There is a time and place for what I call “righteous anger,” when some injustice or unfair system needs to be confronted. Confrontation does not require violence, but rather the purpose of making things right. Dr. Martin Luther King and the Civil Rights movement in our nation was an expression of such righteous anger towards the injustice of racism.

Jesus demonstrated such anger when he confronted the merchants in the temple (Mark 11:15-17). The temple’s purpose had been subverted by this interchange and Jesus worked to make things right. The temple was to be a house of prayer for all nations, not a marketplace of exchanged good.

Emotions are God-given gifts that need to be cultivated and directed towards God’s purposes.

Lord Jesus, harness the energy of my anger for your purposes.

Spiritual Emotions?

I am reading Spiritual Emotions: A Psychology of Christian Virtues by Robert C. Roberts, preparing for a preaching series this summer. Twenty years ago I read his book, The Strengths of a Christian, which continues to shape how I look at the virtues of self-control, patience and perseverance. I posted on Strengths previously.

In Spiritual Emotions, Roberts asks the questions, can Christians shape or tend to our emotions? Or are they simply electro-chemical reactions in our brains that we have no control over? Can emotions be something that we cultivate and link to our Spiritual lives?

Roberts proposes that emotions are concern-based construals, a framework for interpreting a situation and responding  to it. I am reminded of an example of this in Stephen Covey’s classic, Seven Habits of Highly Effective People. In the book, Covey described riding on a subway car and becoming very irritated with a father whose young children were acting out. The children’s behavior was loud and disruptive and Covey became more and more irritated, even angry, with the father for not intervening. Finally Covey confronted the father about the obnoxious behavior of his children. The father, who seemed preoccupied, looked over at his children and then responded, “Yes, I guess they are being unruly. You see, we just came from the hospital where their mother, my wife, died today.”

Suddenly Stephen Covey’s understanding (construal) changed from one of anger to one of compassionate understanding. At first he interpreted the situation one way, “an inattentive father,” that fostered anger within him. But his interpretation or construal changed when he realized that the father was inattentive due to grief, fostering compassion.

Now, according to Roberts, Stephen Covey had some choice in how to respond to the new information. He might have stayed angry, thinking that his subway ride was still being interrupted by these disruptive children and that it did not matter what the reason was. Most of us would see such a construal or interpretative framework as being selfish and un-Christian. Or Covey might have become embarrassed and upset, again focusing more on his own needs. Instead Covey made a choice (perhaps out of habit) to respond with compassion and offer assistance.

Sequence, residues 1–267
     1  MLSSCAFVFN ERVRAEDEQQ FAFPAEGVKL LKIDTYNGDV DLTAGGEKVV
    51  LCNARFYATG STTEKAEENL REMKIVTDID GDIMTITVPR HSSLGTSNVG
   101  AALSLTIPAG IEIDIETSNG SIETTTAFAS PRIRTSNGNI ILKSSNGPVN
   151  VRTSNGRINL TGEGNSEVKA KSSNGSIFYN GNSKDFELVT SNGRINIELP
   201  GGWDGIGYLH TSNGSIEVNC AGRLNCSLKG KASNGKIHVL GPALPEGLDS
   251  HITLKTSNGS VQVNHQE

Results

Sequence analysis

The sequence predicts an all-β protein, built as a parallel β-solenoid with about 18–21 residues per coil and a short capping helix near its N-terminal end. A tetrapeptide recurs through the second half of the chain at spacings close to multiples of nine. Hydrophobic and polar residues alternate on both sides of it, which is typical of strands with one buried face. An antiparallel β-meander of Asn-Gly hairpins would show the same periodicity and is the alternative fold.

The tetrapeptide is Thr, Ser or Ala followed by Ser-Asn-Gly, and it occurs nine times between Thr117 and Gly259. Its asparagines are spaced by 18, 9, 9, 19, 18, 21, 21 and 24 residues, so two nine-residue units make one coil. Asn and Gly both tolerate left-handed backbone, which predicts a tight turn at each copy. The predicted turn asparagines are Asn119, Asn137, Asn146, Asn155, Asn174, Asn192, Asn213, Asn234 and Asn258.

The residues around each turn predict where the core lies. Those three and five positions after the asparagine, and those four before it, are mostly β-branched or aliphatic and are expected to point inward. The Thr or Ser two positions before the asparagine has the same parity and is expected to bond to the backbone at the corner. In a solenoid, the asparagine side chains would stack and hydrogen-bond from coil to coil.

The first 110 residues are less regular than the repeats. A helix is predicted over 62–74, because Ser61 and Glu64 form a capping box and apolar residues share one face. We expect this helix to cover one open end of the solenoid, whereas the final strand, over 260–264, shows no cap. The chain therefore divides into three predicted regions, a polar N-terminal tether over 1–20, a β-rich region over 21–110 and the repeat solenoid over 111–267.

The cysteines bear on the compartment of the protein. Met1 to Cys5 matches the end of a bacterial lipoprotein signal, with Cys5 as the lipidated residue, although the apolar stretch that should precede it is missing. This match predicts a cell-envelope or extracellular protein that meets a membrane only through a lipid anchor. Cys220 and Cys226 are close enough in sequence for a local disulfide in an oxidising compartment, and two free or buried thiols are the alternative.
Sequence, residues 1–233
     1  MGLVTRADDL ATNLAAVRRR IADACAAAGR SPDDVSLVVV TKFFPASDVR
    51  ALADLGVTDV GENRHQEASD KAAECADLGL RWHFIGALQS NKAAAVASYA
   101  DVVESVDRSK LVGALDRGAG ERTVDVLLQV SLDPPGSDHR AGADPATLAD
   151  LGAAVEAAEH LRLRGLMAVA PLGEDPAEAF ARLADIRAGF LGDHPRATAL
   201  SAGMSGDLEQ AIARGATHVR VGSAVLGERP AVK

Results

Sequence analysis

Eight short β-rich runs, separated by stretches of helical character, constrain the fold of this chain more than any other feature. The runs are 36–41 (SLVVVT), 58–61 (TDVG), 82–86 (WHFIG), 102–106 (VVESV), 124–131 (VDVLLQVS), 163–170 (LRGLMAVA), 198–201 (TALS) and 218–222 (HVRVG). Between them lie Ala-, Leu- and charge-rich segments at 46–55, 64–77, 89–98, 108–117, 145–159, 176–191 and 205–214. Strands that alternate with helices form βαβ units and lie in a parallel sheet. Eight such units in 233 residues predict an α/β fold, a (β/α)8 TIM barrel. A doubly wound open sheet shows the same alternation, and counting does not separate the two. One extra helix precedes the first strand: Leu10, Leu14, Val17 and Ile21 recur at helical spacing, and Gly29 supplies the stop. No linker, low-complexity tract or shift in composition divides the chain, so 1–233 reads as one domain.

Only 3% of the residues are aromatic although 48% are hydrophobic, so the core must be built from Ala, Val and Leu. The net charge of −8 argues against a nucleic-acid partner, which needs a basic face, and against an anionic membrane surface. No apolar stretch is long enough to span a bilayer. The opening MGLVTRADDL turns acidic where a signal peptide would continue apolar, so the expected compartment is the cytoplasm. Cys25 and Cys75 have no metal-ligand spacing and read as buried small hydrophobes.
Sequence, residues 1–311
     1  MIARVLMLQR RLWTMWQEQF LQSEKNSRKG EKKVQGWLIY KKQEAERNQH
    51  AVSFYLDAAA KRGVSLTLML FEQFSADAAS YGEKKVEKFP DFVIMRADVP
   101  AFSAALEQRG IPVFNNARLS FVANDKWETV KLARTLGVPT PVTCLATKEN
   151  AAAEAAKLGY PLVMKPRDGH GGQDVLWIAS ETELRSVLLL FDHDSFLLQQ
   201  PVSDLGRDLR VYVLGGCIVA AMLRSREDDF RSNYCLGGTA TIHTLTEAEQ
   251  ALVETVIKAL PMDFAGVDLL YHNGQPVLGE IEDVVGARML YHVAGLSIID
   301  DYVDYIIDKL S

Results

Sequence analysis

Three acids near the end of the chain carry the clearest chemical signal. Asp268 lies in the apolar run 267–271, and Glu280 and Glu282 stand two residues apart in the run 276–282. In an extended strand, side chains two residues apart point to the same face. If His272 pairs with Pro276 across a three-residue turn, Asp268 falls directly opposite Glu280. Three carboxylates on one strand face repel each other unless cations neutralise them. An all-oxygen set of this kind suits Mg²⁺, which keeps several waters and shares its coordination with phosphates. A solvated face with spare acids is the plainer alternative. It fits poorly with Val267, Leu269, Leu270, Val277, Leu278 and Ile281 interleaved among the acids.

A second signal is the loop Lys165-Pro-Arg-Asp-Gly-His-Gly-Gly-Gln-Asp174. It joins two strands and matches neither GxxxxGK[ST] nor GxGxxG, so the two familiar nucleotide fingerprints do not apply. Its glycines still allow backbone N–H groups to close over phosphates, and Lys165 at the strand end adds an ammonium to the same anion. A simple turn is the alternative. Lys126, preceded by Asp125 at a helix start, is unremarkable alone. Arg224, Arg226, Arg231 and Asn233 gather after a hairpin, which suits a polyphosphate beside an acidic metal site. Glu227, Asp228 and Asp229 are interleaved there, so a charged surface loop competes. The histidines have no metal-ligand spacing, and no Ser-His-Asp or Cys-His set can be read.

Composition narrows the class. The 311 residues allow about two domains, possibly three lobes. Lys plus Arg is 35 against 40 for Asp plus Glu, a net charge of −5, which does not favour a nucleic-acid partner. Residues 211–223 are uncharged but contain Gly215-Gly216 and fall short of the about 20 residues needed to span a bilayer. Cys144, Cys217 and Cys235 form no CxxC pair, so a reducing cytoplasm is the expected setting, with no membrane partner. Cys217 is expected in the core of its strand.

Emotions are not just feeling that arbitrarily hit us and we have no control over them. Neither can we automatically dictate what emotions we will have. They are fruit of the Holy Spirit, which we help cultivate and grow over time, practice and attentiveness.  I believe Robert’s book will help me in this practice.

Lord Jesus, shape my heart to be a harbor of love and not fear.

Weather or Not to Live

Mount Rainier on a clear day

This morning waking up to warm sunshine and blue skies gave my heart a real lift.  I know that  the weather should not determine my mood, especially when one lives in Minnesota year round!   Still God created me as a physical creature that relishes sunshine and abhors long stretches of frigid, grey days.   I am not a robot who has not feelings, but a being that has passion, joy, love, pain and sorrow.

Jesus was one who embraced all of life.  He changed gallons of water into wine at a wedding feast (John 2:6-10).  He enjoyed eating at lavish meals (Luke 5:29-34).  He provided food for the hungry and healing for the sick.  Jesus was not a spiritual ascetic who rejected the simple good pleasures God give to us.  He spent some time in the wilderness, but  even more time with people in the villages and towns of Galilee, Samaria and Judea.  He came from heaven to live among us. 

Jesus gathered friends around him and enjoyed their company.  He wept when his friend Lazarus died (John 11:34).  He rejoiced when his disciples return from their short mission trip (Luke 10:21).  Jesus grew tired on his journey to Galilee (John 4:6). He became angry at the money changers in the Temple (Mark 11:15).   Jesus did not pull away from life, but showed us how to enter it completely.

Growing up in western Washington state, I remember many weeks of grey cold rain.  Though mountains surrounded us to the east and west, we did not regularly see them.   When finally the clouds lifted and Mount Rainier was visible, everyone felt a lift in emotions, a lightness of heart.  Our context had changed, and so did we.  

The vibrant life of faith in Jesus will always be lived in context, in relationship to the culture, community, family and even the weather.   We are physical creatures as well as spiritual.  Let us be passionate in our embracing the vibrant life.  

How have you experienced the Vibrant Life of Faith in Christ lately?